After changing your temperature, partake in a form of exercise. Swimming in cold water is one way you can combine both skills. However, you can also try running, taking a hike, running on a treadmill, or doing yoga. Exercising can increase endorphins in your brain, allowing you a mood boost. 

After you have finished the first two skills, sit or lay down in a comfortable location. Start pacing your breathing by counting on your in and out breaths. Depending on what works for you, you might count to five, eight, or ten. While breathing, you can practice paired muscle relaxation by thinking of relaxing each muscle as you breathe. Start with the muscles of your feet and move up to the top of your head, relaxing each part of your body. 

Sensory wellness skills

For many people, panic attacks occur due to sensory overload, which might be caused by loud noises, crowded rooms, or a disregard of your physical and sensory boundaries by others. When you're panicking, consider having a sensory wellness kit to use. This kit could include the following: 

  • Fidget toys

  • A stuffed animal 

  • A weighted blanket

  • A coloring book 

  • Kind letters from someone you love

  • A letter to yourself on how you've coped in the past

  • Soothing music 

  • An ice or heat pack to put on your body

  • A puzzle 

  • A book you love to read

  • Sensory-friendly clothing (like comfortable pajamas) 

  • A link to a progressive muscle relaxation guided meditation that you enjoy 

You might also add a space in your house where you can go when you panic, such as a comfortable section of your closet, a reading nook, a window ledge, or your bed. Set up this area to offer a quiet, comfortable, and personalized sensory environment to help you cope after a panic attack. 

If you often have panic attacks in public, consider bringing your sensory kit with you in a backpack or purse. 

Physical activities 

Physical activity can help release tension and take your mind off a panic attack happening in the present moment. Even going for a walk or following a relaxing guided yoga video from your living room can help you begin to ease out of a panicked state.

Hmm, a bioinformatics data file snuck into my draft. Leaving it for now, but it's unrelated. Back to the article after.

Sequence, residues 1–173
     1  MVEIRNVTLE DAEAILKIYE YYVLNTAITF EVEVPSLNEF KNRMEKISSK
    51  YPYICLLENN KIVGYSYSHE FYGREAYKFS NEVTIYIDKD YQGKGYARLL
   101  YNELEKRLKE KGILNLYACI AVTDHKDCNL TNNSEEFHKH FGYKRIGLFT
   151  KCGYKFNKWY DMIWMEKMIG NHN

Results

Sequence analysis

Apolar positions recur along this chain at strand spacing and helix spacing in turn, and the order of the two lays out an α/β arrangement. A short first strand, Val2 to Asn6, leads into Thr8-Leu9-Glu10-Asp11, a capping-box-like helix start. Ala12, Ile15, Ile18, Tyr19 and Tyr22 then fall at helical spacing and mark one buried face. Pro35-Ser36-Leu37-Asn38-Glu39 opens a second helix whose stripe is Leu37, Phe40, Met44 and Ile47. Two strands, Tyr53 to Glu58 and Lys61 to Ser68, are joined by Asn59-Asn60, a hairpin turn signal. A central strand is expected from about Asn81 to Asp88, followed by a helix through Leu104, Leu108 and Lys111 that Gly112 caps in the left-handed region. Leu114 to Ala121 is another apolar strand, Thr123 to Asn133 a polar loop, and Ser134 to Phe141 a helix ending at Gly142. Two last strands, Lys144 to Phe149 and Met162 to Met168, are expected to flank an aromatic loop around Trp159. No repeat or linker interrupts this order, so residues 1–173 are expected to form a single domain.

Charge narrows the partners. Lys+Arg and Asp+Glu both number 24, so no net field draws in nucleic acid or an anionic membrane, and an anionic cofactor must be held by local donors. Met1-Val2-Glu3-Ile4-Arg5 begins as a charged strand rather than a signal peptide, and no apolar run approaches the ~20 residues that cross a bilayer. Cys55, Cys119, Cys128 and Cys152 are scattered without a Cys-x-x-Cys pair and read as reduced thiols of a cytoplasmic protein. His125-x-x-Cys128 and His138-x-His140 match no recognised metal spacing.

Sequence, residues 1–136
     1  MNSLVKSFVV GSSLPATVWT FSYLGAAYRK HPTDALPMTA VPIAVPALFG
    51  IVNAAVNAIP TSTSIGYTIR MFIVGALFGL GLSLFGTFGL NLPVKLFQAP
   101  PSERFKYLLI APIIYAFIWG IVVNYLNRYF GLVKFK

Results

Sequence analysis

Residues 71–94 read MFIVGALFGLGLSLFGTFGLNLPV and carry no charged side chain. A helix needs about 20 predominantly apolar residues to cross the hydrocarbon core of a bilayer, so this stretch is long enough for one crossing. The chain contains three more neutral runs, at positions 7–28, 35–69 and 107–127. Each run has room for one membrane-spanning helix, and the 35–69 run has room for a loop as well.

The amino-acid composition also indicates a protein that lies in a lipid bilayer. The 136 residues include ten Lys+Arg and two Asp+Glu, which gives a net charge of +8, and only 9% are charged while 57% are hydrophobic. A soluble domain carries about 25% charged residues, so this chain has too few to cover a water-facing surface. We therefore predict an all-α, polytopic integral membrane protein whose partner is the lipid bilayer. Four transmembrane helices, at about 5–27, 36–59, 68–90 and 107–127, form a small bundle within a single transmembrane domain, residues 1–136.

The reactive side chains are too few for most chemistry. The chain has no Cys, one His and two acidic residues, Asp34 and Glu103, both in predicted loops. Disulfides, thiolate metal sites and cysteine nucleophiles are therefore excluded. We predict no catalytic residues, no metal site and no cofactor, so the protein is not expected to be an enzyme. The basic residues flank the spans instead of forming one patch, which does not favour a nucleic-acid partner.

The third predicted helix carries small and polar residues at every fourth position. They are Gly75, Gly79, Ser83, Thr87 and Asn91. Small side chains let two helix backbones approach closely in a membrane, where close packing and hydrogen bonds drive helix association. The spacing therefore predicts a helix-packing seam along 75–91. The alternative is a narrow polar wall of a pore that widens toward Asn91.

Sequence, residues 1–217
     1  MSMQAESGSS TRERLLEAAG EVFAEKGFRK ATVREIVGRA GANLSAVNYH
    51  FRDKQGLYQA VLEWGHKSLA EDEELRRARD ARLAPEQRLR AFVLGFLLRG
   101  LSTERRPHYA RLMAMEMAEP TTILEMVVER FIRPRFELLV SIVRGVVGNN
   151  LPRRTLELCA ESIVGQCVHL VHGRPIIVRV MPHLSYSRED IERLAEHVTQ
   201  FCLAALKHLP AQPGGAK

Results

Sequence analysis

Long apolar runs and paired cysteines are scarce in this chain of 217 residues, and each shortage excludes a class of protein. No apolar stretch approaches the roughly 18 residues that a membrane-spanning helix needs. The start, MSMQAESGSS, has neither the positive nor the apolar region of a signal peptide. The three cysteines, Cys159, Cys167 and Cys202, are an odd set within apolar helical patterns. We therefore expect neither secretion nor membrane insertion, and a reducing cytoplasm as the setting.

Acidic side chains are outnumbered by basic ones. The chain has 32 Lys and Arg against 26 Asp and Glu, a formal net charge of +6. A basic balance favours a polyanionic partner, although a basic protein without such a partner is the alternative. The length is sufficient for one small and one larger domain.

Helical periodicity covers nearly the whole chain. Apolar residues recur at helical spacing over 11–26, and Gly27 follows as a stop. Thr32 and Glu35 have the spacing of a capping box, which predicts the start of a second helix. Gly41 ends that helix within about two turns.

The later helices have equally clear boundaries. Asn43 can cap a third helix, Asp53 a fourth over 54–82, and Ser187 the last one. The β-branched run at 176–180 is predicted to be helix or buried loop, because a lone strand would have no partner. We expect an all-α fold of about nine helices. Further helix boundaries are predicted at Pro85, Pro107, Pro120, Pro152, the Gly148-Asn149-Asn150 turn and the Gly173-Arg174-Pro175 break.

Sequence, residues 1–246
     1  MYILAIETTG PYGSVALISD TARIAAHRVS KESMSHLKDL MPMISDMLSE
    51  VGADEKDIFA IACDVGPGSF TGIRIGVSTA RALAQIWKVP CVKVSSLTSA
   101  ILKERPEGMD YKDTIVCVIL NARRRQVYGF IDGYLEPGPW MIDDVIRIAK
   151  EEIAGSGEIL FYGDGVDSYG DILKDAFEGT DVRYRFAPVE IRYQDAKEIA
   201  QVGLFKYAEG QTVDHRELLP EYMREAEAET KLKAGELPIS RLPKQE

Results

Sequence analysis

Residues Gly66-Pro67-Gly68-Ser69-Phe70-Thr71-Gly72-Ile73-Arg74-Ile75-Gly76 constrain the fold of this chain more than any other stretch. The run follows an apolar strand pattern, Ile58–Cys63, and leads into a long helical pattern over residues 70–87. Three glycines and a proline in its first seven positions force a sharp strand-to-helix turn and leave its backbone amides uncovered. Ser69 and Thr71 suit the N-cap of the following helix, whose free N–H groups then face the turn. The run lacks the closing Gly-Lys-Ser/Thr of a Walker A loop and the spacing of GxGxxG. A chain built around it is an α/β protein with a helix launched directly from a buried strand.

Regular exercise can also reduce anxiety symptoms in the long-term, so you may want to consider introducing a workout routine like aerobic exercise into your daily life. 

Experiencing frequent and uncontrollable panic attacks?

Can medication help reduce symptoms of panic attacks?

Some healthcare professionals will recommend medications to manage and reduce tension, anxiety, and other symptoms. 

If your doctor prescribes medication, always discuss potential risks you should be aware of. For example, the benzodiazepine drug class comes with a boxed warning regarding the risk of physical dependence.*

Counseling options 

If you are struggling with panic attacks and don't find the above strategies beneficial, consider contacting a professional for support. A licensed therapist can gather a history of your symptoms and come up with an individualized plan for you to employ to address your anxiety and panic. If you are worried about meeting a therapist in person, you can also consider online therapy. 

Through an online therapy platform like BetterHelp, you can be matched with a therapist with experience treating anxiety and panic disorder. If you discover your therapist is not a match, you can switch therapists until you find a provider that meets your needs. In addition, online therapy can allow you to choose between phone, video, or chat sessions, which can be beneficial if you are worried about talking to someone face-to-face. 

An increasing number of studies have shown that internet-based cognitive behavioral therapy or CBT can significantly reduce the number of panic attacks someone has, as well as symptoms of anxiety and depression. Cognitive behavioral therapy is a framework that teaches people to replace unhelpful thoughts with helpful and productive ideas and beliefs using grounding techniques. 


Experiencing a panic attack can be frightening, including when you've never had one before or don't know how to cope with it. While there are many tools you can use to prevent and overcome your panic attacks, each person is different in what helps them. If you're struggling with the symptoms of a panic attack, reaching out to a therapist may help you move forward. A provider may equip you with new coping mechanisms and techniques to reduce the prevalence and severity of your symptoms.